So there he was, sat in the House of Commons listening to Jack Straw announce his decision to veto the Information Tribunal’s decision that the Cabinet minutes of the decision to go to war in Iraq should be released.
Up he then got, and this is what Dominic Grieve said:
The Secretary of State’s decision to use his powers of veto in this case classically illustrates what has been wrong with the Government’s approach to freedom of information.
The public have had their expectations about openness raised by Labour’s spin and propaganda, only to be brought down to earth.
Does he [Jack Straw] recall the words at that time of the hon. Member for Stoke-on-Trent, Central (Mark Fisher), who said that that veto basically allowed the Home Secretary, as he then was, “to put a razor through the whole bill”?
Does the Secretary of State appreciate how it will appear to the public for someone so closely involved in the key decisions to be now personally blocking the release of that information?
So now your quiz question: how did Dominic Grieve go on to complete this sentence: “The Secretary of State’s decision is the …”? Did he say (a) “wrong one” or (b) “right one”?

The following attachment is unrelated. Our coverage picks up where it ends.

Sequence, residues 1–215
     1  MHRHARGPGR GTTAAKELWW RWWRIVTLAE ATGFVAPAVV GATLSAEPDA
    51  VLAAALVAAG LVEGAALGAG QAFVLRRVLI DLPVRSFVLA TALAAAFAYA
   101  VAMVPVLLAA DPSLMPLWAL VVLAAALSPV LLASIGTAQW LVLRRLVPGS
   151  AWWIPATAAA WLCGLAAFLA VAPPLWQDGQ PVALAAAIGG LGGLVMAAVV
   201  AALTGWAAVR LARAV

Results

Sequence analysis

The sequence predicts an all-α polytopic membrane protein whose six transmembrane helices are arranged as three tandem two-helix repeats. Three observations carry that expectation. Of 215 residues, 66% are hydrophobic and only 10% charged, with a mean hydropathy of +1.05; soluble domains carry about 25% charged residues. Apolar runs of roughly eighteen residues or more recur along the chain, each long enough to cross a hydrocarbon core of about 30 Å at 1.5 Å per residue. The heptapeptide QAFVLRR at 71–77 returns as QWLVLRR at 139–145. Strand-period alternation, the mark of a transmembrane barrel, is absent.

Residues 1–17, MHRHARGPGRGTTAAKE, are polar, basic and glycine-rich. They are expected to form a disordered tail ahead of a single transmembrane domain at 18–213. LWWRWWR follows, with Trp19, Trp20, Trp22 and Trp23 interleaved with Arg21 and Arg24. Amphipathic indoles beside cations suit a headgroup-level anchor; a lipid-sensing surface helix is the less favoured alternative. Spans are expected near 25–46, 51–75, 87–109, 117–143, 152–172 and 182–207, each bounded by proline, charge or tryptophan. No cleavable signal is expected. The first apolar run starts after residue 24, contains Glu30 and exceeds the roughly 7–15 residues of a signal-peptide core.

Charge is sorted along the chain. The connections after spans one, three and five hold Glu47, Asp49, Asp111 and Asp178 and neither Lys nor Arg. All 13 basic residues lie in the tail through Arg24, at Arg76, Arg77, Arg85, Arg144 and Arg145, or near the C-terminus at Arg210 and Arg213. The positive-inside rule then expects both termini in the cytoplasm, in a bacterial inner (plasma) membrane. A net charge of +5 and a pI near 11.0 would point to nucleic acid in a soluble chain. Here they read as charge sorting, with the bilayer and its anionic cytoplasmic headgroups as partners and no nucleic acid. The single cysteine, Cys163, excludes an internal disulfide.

Don’t be misled by all that Dominic Grieve said in the prior few minutes. For yes, he backed Jack Straw’s decision. So much for the Conservatives’ support for freedom and civil liberties. In fact, it is the second time in two days that the party has shed light on what may have driven David David to resign, for on Monday it held a policy launch with David Cameron where:
David Cameron yesterday downgraded the Tories’ commitment to civil liberties.
Should make for some interesting questions at the weekend when a phalanx of Conservatives will be descending on the Convention on Modern Liberty to argue the case they’re really, really changed, honest guv. February excepted.